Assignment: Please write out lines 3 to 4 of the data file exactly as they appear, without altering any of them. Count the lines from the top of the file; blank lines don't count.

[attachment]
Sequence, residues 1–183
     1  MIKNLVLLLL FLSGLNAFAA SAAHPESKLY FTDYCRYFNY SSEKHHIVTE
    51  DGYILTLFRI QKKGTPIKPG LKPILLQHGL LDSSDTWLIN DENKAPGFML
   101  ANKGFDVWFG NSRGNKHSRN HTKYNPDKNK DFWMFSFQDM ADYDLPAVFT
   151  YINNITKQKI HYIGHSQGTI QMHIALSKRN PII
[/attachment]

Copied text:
    51  DGYILTLFRI QKKGTPIKPG LKPILLQHGL LDSSDTWLIN DENKAPGFML
   101  ANKGFDVWFG NSRGNKHSRN HTKYNPDKNK DFWMFSFQDM ADYDLPAVFT